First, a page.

Released in the spring of 2018, the Ibis Mojo 3 has been called the "Swiss Army Knife" of trail bikes, and the moniker is well-deserved. With 130mm of rear travel paired up with a 140mm front fork, the bike can handle anything you throw at it: 30+ mile all-day epics, technical lines in Moab, or a quick lunch ride on your local loop.
The Mojo 3 has been a regular in the Chasing Epic demo fleet for the last three years, and in 2018 it'll hold its place among a few other choices as well; regardless of what else we have available, the bike continues to be the most asked-for that we carry. We run trips to a variety of destinations that push the bike to its limits: Sedona, St. George, Moab, Fruita, Crested Butte, Angel Fire, and Park City - so we feel somewhat qualified to give the bike a layman's review for anyone wondering if it's the right bike for them. Here goes.
There's no two ways around it- the Ibis Mojo 3 is beautiful. The bike is a stunner, and gets looks from everyone else on the trail wherever you go. The DW Link is known to provide a solid and progressive climbing platform, and we agree completely. The geometry of the Mojo 3 was somewhat forward-thinking two years ago when it was released, but these days it sits firmly in the middle of what's considered a trail bike: 66.8* HTA, 73.6* STA, and a 438mm reach for a large frame. Speaking of a large frame- the bikes tend to run a little small, so definitely consider sizing up from what you're used to.
It's pretty simple, really: the bike climbs well. The DW Link performs admirably and provides a nice platform for you to hammer up steep, technical climbs or hours-long mellow spins. We've done it all with the Mojo 3, and we've never felt out-gunned. Unlike reviews you read on big-time media sites like Pinkbike and Bike Magazine, we prefer to use the climb switch on the rear shocks. Why would bike companies spec their bikes with shocks that have them, if they didn't intend for them to be used? When you flip the Fox EVOL CTD shock over to "Climb", the bike is a rocket on the climbs. Sure, you lose a tiny bit of traction, but you gain immense amounts of pedaling efficiency. We don't recommend using the climb switch when you're in rocky terrain, but in places like Crested Butte and Park City where you've got 4-5 mile climbs on relatively mild singletrack, flip it and forget it until you're at the top.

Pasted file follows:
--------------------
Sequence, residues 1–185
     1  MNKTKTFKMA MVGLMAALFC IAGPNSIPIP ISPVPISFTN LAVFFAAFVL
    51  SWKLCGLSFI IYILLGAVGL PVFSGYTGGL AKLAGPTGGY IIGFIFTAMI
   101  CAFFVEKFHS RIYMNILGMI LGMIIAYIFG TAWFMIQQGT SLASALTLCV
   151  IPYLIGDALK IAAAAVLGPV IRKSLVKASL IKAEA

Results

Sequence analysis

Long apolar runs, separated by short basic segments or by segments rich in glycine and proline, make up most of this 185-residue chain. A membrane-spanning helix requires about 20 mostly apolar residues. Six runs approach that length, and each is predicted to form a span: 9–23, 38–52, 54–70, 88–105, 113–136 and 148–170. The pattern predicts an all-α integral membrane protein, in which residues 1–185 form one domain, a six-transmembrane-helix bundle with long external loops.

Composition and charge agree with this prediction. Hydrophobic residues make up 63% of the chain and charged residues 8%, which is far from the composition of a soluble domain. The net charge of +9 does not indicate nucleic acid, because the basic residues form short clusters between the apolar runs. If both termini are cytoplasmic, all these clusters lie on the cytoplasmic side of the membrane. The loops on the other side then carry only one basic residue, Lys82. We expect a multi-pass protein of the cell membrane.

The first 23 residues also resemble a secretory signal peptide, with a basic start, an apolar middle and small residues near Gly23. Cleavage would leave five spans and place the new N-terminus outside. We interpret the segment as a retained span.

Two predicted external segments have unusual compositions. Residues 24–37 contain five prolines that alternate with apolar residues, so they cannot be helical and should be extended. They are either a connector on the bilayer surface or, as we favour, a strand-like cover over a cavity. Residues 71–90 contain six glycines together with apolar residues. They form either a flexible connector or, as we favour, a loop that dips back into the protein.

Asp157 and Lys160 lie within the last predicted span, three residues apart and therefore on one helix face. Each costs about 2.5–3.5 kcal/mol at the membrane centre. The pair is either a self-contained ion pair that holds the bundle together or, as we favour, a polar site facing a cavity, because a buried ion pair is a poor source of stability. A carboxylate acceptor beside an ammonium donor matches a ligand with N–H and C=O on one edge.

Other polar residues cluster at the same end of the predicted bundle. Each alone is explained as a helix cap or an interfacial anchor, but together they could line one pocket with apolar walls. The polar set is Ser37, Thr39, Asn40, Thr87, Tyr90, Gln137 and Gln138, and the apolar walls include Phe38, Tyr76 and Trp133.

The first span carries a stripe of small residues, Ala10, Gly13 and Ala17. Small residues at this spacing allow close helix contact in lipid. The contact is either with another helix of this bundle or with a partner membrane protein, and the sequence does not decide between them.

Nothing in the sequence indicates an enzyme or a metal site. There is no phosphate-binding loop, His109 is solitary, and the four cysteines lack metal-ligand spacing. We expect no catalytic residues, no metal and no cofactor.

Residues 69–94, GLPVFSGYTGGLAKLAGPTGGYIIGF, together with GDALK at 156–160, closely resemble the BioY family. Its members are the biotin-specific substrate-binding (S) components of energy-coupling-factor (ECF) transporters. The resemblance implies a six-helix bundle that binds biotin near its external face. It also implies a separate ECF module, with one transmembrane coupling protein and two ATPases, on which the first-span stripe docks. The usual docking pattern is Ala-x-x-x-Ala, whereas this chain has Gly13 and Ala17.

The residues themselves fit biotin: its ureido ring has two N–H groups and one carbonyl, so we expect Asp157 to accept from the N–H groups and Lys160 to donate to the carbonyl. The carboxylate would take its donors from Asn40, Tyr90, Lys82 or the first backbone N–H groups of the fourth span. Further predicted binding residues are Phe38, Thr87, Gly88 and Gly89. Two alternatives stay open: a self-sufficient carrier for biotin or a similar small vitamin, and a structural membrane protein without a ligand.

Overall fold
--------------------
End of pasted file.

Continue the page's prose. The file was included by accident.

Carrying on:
The word that comes to mind when describing the descending ability of the Mojo 3 is "playful". It's more than capable with its 140mm of travel up front and 130mm in the rear, but you can really toss the bike around when you get into tight, techy sections. Whereas the bigger brother- the Ibis HD3 (or new HD4)- is meant to plow through rock gardens, the Mojo 3 is meant to pick your line and flick the bike through with ease. And it does an amazing job of it- the bike feels lighter than the 28 lbs our XT-level builds come in at, and it's one of the most playful bikes we've ridden in the last few years. We regularly have customers ride the bike in Moab, Sedona, and St. George and no one has ever asked for a bigger bike to handle trails like Porcupine Rim, HiLine, or the Zen Trail.
I'll be up front about it- I'm not a fan of plus tires. We don't run any of our Mojo 3 demos as plus setups, and we don't plan to in the future. There are a couple of reasons for this: first, the bikes are currently spec'ed with 2.6" Maxxis DHFs on the front and rear. Combine these tires with the 35mm internal width of the Ibis wheels, and you're virtually in plus territory already. You get the durability and performance of a wider tire without having to push the limits at 3". Secondly, the durability of plus tires just isn't where we want it to be. We have hundreds of rider days a year in some of the roughest terrain in the southwest, so we want tires that will last when we're riding all day long.
We love the bike. Every Chasing Epic client that rides the bike, loves it. Going back to our introduction, we truly see it as a "Swiss Army Knife"; a true do-it-all option in today's ever-increasing world of specialized bikes. Sure, you can get more downhill performance out of a 160mm travel bike. And you can climb faster with a hardtail 29er. But if you want a bike that does everything well and doesn't compromise, the Mojo 3 is where it's at.